After Doctor Who, which didn't leave on a much cheerier note than the book I'd finished earlier, I walked out to the rocky point and sat there for some time in contemplation. It began to sprinkle and, as I watched the tide ever so slowly descend, I finally headed back to the lodge where I started cleaning and prepping for departure tomorrow, then made a dinner of salmon, couscous, and veggies (ameliorating the stale couscous with butter, salt, and pepper). Among my chores was topping off the firewood inside, cleaning the kitchen, and sweeping, leaving little to do the next day other than covering the windows. On the way to Hermit Thrush, I put a bottom sheet on the bed in Cottonwood and a pillow case in Mink and locked both cabins.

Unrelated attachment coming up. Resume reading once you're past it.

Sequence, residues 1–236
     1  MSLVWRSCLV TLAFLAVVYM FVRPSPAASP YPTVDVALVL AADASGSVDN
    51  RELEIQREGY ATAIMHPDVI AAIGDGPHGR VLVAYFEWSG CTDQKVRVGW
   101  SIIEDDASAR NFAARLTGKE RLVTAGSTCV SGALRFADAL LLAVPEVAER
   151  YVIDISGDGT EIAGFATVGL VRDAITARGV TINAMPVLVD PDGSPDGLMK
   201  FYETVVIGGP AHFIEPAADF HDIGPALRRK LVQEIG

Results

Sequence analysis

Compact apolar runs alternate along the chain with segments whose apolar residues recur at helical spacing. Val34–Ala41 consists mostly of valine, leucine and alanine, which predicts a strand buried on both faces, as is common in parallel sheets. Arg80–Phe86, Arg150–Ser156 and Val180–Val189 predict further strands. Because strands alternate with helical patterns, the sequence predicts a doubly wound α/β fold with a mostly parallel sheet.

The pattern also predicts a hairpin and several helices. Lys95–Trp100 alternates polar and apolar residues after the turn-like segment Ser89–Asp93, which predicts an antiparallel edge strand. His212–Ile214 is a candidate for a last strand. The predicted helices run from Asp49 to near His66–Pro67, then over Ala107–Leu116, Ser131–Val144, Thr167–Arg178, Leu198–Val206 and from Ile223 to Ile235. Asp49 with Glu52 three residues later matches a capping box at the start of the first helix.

Wrapped up chair

Wow

Young Steller's jays

Doctor Who afternoon